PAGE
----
The Church: Towards a Common Vision

The goal of the ecumenical movement is to recover the visible unity of Christ’s one, holy, catholic and apostolic Church.  2010 marked the 100 year anniversary of the founding of this movement.  One of its major streams has been the Faith and Order Movement which met for its first world conference in Lausanne, Switzerland in 1927. 

What does that title mean, Faith and Order? “Faith” refers to doctrine: what we believe about God, the Trinity, the person of Jesus Christ, the bible, salvation, sacraments, ministries, and the nature of the Church.  “Order” refers to how the churches are ordered or organized, and what is the relationship between the local, national, regional, and international levels of the churches. 

At its second world conference in 1937, Faith and Order made the decision, along with another movement called Life and Work, to create a World Council of Churches (WCC) which came into being in 1948. Ever since, Faith and Order has been a commission of the WCC.  

The commission is an interdenominational community of top theologians who reflect on the issues that divide us. The form it presently takes is that of a fifty-member commission of theologians formally nominated by their churches. It includes both mainline Protestant and Orthodox churches as well as non-WCC member churches such as the Roman Catholic Church, Pentecostal and Evangelical churches, historic Peace Churches, and others.  It is considered the most comprehensive theological forum in the world.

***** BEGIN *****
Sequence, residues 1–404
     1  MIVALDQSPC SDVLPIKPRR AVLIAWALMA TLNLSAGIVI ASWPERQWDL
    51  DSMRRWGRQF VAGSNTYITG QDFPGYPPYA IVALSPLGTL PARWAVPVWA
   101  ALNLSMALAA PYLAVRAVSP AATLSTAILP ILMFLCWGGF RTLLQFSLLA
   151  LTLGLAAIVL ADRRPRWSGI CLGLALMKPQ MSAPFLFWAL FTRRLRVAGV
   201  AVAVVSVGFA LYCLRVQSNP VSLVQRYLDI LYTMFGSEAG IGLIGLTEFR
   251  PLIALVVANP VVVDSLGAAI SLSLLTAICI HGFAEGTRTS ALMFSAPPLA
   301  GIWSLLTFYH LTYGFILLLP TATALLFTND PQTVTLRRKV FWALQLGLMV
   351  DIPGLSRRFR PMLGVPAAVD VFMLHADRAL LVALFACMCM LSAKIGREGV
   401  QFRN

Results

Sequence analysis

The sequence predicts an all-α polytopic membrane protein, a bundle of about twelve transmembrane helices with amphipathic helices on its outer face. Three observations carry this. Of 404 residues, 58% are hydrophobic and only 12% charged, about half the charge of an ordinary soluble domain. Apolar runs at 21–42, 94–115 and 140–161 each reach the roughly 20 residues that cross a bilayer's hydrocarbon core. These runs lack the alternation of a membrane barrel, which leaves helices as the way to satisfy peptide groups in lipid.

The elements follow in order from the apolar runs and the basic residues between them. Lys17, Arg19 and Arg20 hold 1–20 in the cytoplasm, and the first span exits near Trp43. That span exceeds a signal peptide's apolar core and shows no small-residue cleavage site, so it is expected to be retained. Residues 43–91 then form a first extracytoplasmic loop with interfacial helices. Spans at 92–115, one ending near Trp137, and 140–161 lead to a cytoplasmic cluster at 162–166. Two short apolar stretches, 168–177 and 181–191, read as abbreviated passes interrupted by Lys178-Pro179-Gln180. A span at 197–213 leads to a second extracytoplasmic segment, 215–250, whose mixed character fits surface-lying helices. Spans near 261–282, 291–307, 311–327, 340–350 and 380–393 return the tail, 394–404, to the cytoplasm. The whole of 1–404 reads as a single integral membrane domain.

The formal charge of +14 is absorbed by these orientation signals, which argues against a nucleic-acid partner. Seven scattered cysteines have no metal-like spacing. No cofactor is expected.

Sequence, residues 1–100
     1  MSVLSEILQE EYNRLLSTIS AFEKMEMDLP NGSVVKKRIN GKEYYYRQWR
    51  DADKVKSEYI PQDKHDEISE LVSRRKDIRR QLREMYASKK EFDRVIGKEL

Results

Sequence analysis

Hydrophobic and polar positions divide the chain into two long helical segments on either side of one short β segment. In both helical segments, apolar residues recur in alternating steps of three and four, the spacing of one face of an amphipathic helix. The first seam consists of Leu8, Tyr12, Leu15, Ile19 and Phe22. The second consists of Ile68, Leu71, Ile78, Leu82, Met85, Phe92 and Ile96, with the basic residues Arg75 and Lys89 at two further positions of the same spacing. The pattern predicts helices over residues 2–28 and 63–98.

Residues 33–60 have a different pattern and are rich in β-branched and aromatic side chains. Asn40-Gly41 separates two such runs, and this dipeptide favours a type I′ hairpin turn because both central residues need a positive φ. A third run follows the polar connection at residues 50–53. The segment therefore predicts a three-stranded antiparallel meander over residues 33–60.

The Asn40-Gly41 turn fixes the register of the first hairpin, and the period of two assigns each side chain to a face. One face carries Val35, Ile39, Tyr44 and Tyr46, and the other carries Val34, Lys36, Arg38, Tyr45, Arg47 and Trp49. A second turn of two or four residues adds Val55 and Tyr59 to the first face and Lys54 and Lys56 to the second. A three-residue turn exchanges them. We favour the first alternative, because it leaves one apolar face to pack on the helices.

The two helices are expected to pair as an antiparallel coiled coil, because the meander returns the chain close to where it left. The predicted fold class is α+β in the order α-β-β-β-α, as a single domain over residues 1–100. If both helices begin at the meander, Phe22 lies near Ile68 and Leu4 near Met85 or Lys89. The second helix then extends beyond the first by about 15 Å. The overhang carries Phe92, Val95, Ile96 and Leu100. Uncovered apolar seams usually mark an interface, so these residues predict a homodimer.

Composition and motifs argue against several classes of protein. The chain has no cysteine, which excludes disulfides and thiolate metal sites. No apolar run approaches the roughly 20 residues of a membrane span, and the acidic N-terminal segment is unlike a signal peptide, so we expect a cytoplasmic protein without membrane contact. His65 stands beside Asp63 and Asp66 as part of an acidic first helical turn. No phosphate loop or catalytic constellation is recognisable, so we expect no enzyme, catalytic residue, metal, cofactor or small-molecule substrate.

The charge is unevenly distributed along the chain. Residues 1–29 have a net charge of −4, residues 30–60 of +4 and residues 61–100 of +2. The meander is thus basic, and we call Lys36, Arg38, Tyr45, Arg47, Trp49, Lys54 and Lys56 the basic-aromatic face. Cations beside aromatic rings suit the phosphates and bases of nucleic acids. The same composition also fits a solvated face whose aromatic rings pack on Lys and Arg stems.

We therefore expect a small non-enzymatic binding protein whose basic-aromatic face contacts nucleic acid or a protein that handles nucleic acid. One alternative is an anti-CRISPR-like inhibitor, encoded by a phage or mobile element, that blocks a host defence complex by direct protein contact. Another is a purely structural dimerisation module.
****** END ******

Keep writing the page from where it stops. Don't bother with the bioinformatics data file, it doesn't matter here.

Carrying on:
In 1982 the commission offered to the churches a benchmark convergence text entitled Baptism, Eucharist, and Ministry (BEM) which was received as a vision of renewal for the lives of the churches. BEM contributed to a growing mutual recognition of baptism and common liturgical renewal in our understanding and celebration of the eucharist. The least well-received part of BEM was the section on ministry, especially its teaching on episcopacy. 

Not surprisingly, then, the commission focused its work on our ecclesiastical operating systems. Anglican Canon John Gibaut, the previous Director of Faith and Order at the WCC, uses an analogy drawn from our world of smartphones and computers to explain the importance of this.  If our computers or smartphones are using incompatible operating systems, then it makes it difficult for us to communicate with each other, work with one another, or ever recognize each other. 

This led the commission in 1993 at its world conference in Spain to focus its work on ecclesiology: the study of the Church. Namely, what is our understanding of the Church: What is essential to be the Church? The ecumenical question is whether we have compatible ecclesiastical operating systems, can recognize the “Church” in the other, and receive from one another.

The Faith and Order Commission’s first preliminary text on The Nature and Purpose of the Church (1998) was sent for response to churches, ecumenical institutes, faculties of theology and others. On the basis of feedback received, the commission published in 2005 a significantly revised version, The Nature and Mission of the Church, and once again sent it out for response.